by Philippa Kelly, Resident Dramaturg
Last week my 85-year-old mother had cause to go to the bank, where, with her walker frame, she stood in front of another elderly woman with an identical frame. “Let’s have a race,” said the woman behind her. “I should warn you, when I get going with this thing I can run like the clappers,” replied my mother. The other woman said, “I withdraw.”
Today the world—particularly in its wealthier parts—is blessed with many 85-year-olds. In the 16th and 17th centuries this was not the case: many people considered a good long life to be one lived till the mid-forties. But if you made it to the age of 8 (37 percent of children did not), you were not unlikely, if you had the means (and also the good fortune to avoid the plague), to reach the age of 50 or even 60. This was more than true of Miguel de Cervantes, who lived until almost 70, surviving three gunshot wounds and over 5 years’ imprisonment, much of it spent in irons.
We know almost nothing of the first 20 years of Cervantes’ life from 1547 onward, except that he came from a noble but impecunious family. We know much more about this period in Spain, which was one of great transition. The old “native” Spain, with its chivalrous codes of honor and its powerful nobility, had crumbled under the force of the Habsburg kings’ sole dominion, backed by the church and the Spanish inquisition. Spain sought to command as much of Europe as it could, extending its authority into the Americas, the East Indies, parts of France and Germany, Portugal, North Africa, and Italy’s nation states. The Spaniards’ voyages around the world led to many advantages: for example, on discovering that the orange plants they had plundered from China could, within three days, magically cure the horrible disease of scurvy that produced swollen, stinking gums and bleeding to the brain, wealthy Spanish landowners now graced their homes with their own orangeries, namely glass-enclosed, heated greenhouses that produced oranges all year round.
This period of enormous growth and stature led to an efflorescence not only in the gardens of Spain, but also in its artists. The period from 1492 to 1659 become known as the Spanish Golden Age, during which Miguel de Cervantes spent his entire life.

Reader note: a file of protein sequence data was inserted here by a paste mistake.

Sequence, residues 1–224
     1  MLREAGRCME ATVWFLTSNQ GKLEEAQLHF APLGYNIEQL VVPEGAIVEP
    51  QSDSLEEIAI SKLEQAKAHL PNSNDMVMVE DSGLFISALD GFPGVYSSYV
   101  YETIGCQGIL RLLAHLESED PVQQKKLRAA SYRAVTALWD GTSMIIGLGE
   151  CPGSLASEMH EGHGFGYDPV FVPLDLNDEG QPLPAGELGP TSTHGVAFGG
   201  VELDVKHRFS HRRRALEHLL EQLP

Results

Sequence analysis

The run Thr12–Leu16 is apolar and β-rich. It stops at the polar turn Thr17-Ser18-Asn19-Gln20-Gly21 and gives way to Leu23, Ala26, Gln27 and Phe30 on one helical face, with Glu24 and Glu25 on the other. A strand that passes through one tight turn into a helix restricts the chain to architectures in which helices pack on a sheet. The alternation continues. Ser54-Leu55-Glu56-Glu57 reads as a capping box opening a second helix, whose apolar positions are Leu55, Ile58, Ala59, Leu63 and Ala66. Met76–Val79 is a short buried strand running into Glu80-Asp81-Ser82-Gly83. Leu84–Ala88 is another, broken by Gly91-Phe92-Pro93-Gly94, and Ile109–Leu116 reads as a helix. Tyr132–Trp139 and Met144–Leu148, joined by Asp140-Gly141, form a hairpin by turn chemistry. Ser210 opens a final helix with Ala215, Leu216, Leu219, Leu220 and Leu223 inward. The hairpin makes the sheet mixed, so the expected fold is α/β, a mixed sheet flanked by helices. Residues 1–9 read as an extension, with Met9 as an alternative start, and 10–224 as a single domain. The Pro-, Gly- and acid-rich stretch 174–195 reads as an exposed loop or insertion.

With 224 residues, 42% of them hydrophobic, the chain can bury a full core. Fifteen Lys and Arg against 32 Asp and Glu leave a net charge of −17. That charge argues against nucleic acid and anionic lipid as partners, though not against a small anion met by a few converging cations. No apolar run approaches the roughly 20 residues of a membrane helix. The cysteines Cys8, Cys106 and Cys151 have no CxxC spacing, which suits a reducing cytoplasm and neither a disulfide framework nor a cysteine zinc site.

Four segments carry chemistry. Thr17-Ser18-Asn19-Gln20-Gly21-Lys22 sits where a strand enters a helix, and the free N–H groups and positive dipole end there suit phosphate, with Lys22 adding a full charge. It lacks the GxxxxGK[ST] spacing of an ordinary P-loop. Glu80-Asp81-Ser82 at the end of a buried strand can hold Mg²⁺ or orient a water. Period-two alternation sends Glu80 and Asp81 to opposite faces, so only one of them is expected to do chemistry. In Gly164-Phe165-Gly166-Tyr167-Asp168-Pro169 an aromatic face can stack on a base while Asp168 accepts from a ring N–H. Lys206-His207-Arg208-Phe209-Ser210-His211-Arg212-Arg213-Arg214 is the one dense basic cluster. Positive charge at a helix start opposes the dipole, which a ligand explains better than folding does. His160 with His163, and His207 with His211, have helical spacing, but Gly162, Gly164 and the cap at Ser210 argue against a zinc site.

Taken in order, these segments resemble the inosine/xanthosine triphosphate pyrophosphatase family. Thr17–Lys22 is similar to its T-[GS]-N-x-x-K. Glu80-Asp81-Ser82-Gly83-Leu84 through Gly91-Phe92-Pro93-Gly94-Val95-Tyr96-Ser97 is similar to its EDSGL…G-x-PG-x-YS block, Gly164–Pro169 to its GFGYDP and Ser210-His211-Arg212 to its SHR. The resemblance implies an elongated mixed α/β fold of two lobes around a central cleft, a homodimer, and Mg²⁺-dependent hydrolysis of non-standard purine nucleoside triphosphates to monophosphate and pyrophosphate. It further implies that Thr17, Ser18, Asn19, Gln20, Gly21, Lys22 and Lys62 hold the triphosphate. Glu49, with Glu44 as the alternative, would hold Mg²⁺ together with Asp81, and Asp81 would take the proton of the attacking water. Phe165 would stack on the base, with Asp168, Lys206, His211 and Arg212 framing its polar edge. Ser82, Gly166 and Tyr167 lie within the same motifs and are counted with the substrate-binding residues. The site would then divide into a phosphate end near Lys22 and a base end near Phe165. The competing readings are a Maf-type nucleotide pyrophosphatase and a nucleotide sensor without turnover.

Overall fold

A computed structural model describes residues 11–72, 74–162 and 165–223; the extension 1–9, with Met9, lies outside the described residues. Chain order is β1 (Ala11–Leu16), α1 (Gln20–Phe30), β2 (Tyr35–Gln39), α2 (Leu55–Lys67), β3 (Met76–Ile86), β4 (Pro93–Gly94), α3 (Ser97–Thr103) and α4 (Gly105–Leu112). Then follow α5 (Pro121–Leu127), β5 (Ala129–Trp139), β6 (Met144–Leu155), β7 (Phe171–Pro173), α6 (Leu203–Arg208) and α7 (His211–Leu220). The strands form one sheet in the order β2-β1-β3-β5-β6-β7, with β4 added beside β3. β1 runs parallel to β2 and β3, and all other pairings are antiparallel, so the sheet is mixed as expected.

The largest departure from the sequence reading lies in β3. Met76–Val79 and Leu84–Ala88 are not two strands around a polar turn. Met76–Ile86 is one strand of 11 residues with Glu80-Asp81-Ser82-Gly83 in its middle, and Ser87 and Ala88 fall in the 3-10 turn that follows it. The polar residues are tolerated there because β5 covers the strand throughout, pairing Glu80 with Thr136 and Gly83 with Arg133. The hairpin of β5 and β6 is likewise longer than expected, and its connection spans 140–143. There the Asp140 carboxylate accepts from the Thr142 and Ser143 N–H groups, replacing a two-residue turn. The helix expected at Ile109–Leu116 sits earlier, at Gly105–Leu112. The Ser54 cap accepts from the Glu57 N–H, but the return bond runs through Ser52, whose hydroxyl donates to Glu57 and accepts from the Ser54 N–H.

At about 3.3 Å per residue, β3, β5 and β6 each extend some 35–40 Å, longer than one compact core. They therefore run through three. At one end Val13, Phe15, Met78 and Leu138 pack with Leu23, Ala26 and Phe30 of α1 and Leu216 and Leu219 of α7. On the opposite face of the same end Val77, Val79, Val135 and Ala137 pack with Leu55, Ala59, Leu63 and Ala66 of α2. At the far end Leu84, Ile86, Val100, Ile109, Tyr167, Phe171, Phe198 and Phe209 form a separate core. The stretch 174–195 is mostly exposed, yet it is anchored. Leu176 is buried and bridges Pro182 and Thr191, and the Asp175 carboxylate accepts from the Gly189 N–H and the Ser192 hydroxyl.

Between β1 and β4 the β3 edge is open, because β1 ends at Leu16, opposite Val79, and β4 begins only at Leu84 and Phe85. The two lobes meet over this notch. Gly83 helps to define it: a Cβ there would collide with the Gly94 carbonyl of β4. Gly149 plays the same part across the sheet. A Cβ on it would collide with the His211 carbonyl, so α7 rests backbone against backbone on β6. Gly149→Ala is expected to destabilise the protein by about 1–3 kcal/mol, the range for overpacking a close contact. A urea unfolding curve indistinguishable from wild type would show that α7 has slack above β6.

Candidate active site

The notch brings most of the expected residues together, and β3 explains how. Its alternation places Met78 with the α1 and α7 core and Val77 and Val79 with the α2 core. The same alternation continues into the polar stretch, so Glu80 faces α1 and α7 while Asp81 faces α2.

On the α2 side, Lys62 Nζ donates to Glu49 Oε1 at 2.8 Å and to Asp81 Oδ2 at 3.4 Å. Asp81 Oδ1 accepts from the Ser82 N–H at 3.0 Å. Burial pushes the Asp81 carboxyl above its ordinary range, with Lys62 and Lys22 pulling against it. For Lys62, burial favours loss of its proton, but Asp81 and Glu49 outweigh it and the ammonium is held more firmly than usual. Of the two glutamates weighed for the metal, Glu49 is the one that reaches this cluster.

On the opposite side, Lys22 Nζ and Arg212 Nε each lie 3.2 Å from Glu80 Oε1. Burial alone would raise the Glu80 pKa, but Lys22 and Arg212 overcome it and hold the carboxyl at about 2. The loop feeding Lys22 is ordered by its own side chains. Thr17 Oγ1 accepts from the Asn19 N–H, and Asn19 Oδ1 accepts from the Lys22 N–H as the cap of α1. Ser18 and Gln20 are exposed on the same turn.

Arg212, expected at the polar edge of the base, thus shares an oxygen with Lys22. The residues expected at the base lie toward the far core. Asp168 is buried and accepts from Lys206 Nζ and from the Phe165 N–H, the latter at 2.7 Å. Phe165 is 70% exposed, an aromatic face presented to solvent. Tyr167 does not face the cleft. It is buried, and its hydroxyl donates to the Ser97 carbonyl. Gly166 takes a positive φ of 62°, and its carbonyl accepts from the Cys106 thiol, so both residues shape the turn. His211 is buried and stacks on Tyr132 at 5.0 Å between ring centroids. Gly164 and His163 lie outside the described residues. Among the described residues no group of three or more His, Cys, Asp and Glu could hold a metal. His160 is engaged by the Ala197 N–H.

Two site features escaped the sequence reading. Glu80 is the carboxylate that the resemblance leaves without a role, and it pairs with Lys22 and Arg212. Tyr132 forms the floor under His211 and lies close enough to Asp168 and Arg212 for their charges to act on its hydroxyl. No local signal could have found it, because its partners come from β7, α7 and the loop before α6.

The clearest knowledge we have of Cervantes’ young days begins with his occupancy, at age 21, of the role of Cardinal’s chamberlain. At the age of 23 he resigned this post and entered the military. Seeds of Don Quixote’s stubbornness can be found in the exploits of the young soldier Cervantes: although desperately ill on the voyage from Messina, Cervantes insisted, against all advice from doctors and comrades, on sticking to his post, claiming that he would die in the service of God rather than remain in the ship’s hold secure and in good health. During this military campaign he survived three gunshot wounds, which left him severely incapacitated and hospitalized for seven months, and he never regained the use of his wounded left hand. He came out of hospital, however, only to enlist for another three years’ military service, beginning his return to Spain at the age of 28 in the company of his brother, with a written recommendation from his General to the king honoring his brave service.
On the way home, the Cervantes brothers’ regiment was overpowered by an Algerine force and taken to Algiers. A ransomed fellow-captive got the news of the brothers’ imprisonment to their family, who strove by every means—the father selling his goods and the Cervantes sisters forfeiting their dowries—to cobble together enough ransom money to free them. But when the Algerian governor found on Miguel’s person the general’s letters of recommendation to the king, he concluded that the young man was a person of great importance, and that the ransom money was inconsequential for someone so highly prized: he kept Miguel in captivity, allowing his brother to go free.